‘Senseless’ draft choices sometimes yield success

The Saints’ stunning improvement over the last two seasons is cemented by the numbers. In 2015, the Saints’ point differential was minus-68. It improved to a plus-15 one year later, and, in 2017, the Saints scored 122 more points than their opponents in 16 regular-season games.

That means, on average per game, the Saints were eight points better than the opposition.

In that three-year stretch, the Saints have retooled their offensive and defensive lines, and that philosophy has paid handsome dividends.

Since 2015, center Max Unger and guard Larry Warford have joined via free agency. And, the draft has yielded guard Andrus Peat, tackle Ryan Ramcyzk and defensive tackle Sheldon Rankins.

The same tack was taken in another NFC locale, and it paid off last February with a Super Bowl title. In the week before the win over the Patriots, Eagles general manager Howie Roseman spoke with nfl.com’s Gregg Rosenthal. The topic was the Eagles’ insistence on being outstanding on both lines.

“Thirty-two teams say they believe in lines, but sometimes you have to go overboard in that,” said Roseman. “It has been our priority, certainly the last two years, to build along the lines.”

With a withering and deep pass rush and the ability to run the football, the Eagles won the Super Bowl, despite losing starting quarterback Carson Wentz to season-ending knee surgery.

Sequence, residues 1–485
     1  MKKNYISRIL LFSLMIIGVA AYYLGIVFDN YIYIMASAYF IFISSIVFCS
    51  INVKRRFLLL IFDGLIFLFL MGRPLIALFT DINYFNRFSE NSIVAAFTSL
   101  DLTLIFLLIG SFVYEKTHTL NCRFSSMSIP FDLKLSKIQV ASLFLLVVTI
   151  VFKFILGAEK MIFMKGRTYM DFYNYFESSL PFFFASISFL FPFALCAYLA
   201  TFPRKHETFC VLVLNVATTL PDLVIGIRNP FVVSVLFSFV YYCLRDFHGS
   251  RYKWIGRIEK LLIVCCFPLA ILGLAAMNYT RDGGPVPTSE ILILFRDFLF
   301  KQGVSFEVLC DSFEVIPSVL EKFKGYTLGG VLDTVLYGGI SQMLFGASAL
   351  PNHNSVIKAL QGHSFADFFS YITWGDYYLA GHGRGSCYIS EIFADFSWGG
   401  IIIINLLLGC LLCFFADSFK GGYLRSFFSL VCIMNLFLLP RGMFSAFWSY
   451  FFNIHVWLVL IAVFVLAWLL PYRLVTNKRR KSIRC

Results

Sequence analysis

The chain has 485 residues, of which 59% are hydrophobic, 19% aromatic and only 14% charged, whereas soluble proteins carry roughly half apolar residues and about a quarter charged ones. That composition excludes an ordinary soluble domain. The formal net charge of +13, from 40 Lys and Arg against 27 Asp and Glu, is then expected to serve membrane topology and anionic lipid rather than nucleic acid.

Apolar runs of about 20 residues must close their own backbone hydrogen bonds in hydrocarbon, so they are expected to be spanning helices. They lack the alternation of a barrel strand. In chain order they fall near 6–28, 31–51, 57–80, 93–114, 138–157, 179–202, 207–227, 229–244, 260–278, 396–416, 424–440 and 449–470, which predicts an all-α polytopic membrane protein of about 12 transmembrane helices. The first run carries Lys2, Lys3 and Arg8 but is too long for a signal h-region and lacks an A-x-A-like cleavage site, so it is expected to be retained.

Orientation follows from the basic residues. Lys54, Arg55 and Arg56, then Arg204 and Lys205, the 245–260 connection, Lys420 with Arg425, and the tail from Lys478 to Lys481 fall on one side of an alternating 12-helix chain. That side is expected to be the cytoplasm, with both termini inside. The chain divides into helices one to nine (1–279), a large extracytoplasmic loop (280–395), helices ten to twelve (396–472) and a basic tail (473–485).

In 2017, the Eagles led the NFL in regular-season points with 457. Philadelphia was one of five teams to allow fewer than 300 points. The Eagles’ point differential of plus-162 was 140 points higher than the Dallas Cowboys, who finished second in the NFC East.

In the first 10 picks of the 2017 draft, two were defensive ends, three were wide receivers and two were quarterbacks. One year later, as many as six quarterbacks are expected to be selected in the first round. So, there figures to be plenty of opportunity for the Saints to draft a talented big man.

Some of the best Saints’ selections have been big men at positions where there was not a “need.”

In 2004, the Saints had what appeared to be an overload of talent at defensive end but still selected Ohio State’s Will Smith. And, then there’s the case of Ryan Ramczyk.

When the Saints drafted Ramczyk with the last pick of the first round, the hue and cry was palpable. The Saints acquired the pick from the Patriots in a trade for wide receiver Brandin Cooks.

What one reporter heard was the following: “I guess the Saints got fleeced by the hoodie (Patriots coach Bill Belichick).”

Or … “How could the Saints trade Brandin Cooks for an offensive lineman?”

One year later, Ramczyk is an anchor on the Saints offensive line, and Cooks was traded to the Rams, his third team in three seasons.

So, next week, while some teams hunt eye candy, the Saints should continue to cultivate what wins. And, that is plenty of talented, big people.

Ed Daniels is sports director of ABC26 WGNO. He can be reached at edaniels@clarionherald.org.

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